YouTube claims its crackdown on borderline content is actually working

After making changes to its recommendation algorithm in an effort to reduce the spread of “borderline” content — videos that toe the line between what’s acceptable and what violates YouTube’s terms of service — YouTube has seen a 70 percent decrease in watch time on those types of videos by non-subscribers.

More than 30 changes have been made to the way videos are recommended since January 2019, according to a new blog post from YouTube outlining how the company is trying to tackle borderline content. YouTube doesn’t say exactly what’s changed, nor does the blog post outline how many videos were being recommended before and after the changes were implemented. Instead, YouTube’s new blog post outlines how external moderators go through specific criteria to determine whether a flagged video is borderline. That information is then used to inform machine learning tools that YouTube relies on to police the platform.

“Each evaluated video receives up to nine different opinions and some critical areas require certified experts,” the blog post reads. “For example, medical doctors provide guidance on the validity of videos about specific medical treatments to limit the spread of medical misinformation. Based on the consensus input from the evaluators, we use well-tested machine learning systems to build models.”

Some of the criteria that moderators look through were demonstrated in a recent interview with YouTube CEO Susan Wojcicki on 60 Minutes. Wojcicki walked reporter Lesley Stahl through a couple of videos that might be borderline content. One video deemed by Wojcicki as violent focused on Syrian prisoners, but was allowed to remain up because it was uploaded by a group trying to expose issues in the country. Another video used World War II footage and, while that may be seen by many as acceptable for historical context, Wojcicki showed how it could be used by hateful groups to spread white supremacist rhetoric. It was banned.

YouTube recently changed its hate policies to address topics like white nationalism, which is now considered a violation of YouTube’s terms of service. People might take that to believe by declaring any supremacist statement might result in a ban. That’s not necessarily true. When pressed on the issue by Stahl, Wojcicki defended YouTube’s stance that the content of a video is judged on context, adding that if a video simply said “white people are superior” with no other context, it would be acceptable.

“Nothing is more important to us than ensuring we are living up to our responsibility,” the blog post adds. “We remain focused on maintaining that delicate balance which allows diverse voices to flourish on YouTube — including those that others will disagree with — while also protecting viewers, creators and the wider ecosystem from harmful content.”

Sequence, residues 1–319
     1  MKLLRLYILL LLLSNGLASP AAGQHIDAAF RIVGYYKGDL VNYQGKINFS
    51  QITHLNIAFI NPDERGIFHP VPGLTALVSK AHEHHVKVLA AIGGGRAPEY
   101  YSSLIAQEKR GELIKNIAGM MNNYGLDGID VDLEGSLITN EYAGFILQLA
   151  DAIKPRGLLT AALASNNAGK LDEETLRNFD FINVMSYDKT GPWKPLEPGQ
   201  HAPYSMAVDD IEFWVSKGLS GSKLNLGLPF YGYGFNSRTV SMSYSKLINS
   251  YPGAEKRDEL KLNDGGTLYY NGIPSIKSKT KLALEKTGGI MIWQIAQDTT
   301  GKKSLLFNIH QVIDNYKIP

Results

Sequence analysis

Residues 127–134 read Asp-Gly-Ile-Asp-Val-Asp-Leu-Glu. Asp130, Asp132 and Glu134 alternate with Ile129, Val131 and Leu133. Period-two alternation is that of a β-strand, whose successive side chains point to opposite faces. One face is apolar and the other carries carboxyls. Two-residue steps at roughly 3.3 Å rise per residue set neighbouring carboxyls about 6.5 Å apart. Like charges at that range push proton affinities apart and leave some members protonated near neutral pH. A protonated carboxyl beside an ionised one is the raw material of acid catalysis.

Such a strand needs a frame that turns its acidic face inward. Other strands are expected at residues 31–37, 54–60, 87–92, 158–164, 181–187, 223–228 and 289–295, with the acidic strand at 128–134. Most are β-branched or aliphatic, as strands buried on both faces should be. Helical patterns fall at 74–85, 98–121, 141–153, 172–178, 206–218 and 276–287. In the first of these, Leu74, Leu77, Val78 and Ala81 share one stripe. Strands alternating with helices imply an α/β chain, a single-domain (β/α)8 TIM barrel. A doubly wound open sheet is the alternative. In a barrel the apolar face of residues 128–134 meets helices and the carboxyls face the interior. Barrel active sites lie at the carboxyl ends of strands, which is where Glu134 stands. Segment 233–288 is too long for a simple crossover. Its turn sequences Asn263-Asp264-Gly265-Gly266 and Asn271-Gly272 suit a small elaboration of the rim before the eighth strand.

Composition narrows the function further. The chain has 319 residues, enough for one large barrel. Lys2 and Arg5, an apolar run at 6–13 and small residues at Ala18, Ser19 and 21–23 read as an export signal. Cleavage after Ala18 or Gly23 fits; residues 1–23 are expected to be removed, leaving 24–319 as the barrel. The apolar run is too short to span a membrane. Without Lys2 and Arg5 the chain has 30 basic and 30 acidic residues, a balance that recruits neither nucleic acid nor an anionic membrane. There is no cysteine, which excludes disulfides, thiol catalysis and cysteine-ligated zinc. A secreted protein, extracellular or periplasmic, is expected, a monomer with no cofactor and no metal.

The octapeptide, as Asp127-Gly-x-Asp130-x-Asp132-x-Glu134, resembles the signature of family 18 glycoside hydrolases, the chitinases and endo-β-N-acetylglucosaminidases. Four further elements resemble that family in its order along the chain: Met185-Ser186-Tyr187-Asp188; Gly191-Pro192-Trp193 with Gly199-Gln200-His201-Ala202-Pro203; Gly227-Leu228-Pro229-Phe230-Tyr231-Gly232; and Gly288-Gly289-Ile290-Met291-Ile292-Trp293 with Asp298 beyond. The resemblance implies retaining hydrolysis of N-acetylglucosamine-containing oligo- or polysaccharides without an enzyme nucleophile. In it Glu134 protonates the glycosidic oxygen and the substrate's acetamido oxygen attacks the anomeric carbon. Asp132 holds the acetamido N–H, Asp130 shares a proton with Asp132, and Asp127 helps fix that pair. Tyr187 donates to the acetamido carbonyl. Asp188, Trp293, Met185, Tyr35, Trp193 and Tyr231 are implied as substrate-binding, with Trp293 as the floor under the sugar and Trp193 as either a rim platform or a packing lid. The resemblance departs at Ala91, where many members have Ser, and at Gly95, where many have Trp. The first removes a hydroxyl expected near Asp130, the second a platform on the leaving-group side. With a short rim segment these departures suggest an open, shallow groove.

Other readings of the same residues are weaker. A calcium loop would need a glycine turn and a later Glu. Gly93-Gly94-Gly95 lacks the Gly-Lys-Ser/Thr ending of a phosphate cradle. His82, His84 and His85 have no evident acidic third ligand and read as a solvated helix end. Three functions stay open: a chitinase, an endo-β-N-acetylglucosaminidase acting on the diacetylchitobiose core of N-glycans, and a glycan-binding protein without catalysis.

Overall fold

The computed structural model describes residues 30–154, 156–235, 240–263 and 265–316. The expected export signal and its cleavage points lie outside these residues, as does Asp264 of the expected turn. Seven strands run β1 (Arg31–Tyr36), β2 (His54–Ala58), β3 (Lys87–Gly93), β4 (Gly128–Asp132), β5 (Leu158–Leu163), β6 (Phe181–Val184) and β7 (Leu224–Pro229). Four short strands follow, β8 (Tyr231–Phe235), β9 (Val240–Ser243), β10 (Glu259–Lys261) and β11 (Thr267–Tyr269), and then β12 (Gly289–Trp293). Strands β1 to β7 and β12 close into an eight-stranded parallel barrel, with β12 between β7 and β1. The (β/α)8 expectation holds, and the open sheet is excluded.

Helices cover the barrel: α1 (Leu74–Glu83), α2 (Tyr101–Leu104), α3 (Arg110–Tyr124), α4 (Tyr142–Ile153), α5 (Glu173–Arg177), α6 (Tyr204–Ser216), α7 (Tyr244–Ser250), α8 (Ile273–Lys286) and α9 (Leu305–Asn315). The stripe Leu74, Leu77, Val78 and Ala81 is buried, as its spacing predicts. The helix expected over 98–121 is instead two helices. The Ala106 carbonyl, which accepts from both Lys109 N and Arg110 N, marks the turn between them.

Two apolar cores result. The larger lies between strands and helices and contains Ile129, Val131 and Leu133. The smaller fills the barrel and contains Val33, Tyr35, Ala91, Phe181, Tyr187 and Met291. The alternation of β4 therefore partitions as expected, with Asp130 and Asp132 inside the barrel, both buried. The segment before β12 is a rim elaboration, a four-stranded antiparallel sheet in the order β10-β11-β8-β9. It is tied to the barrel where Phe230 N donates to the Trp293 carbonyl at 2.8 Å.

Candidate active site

Part of the way YouTube is tackling the issue is surfacing more authoritative sources for subjects like “news, science and historical events, where accuracy and authoritativeness are key.” YouTube’s teams are trying to do that by addressing three different but related issues: surfacing more authoritative sources like The Guardian and NBC when searching for news topics, providing more reliable information during breaking news events, and providing additional context to users beside the videos.

That means when topics like “Brexit” or “anti-vaccination” are searched, the top results should show videos from reliable, authoritative news sources — even if the engagement rate is lower than on other videos covering the subject. Through doing this during breaking news events like mass shootings or terrorist attacks, YouTube has “seen that consumption on authoritative news partners’ channels has grown by 60 percent.”

It’s good to see YouTube fighting these types of problematic content. The problem is that it’s unclear from this new blog post — or any other public interview that Wojcicki and executives have given — what those numbers translate to overall. A 70 percent decrease in people watching borderline content from channels they’re not subscribed to is important; it acknowledges the rabbit hole effect journalists, academics, and former YouTube engineers have cited for years. The question remains whether that still translates to a substantial number of viewing hours. YouTube’s blog post doesn’t say.

“Content that comes close to — but doesn’t quite cross the line of — violating our Community Guidelines is a fraction of 1 percent of what’s watched on YouTube in the US,” the blog post reads.

There are 500 hours of content uploaded every minute to YouTube. That’s 720,000 hours of content every single day. It would take 30,000 days to watch every video uploaded in just one day on YouTube. It’s a lot of video — much of which is watched in the United States. A decrease in people watching borderline content is good, but until YouTube releases specific numbers, it’s difficult to assess what that really means.

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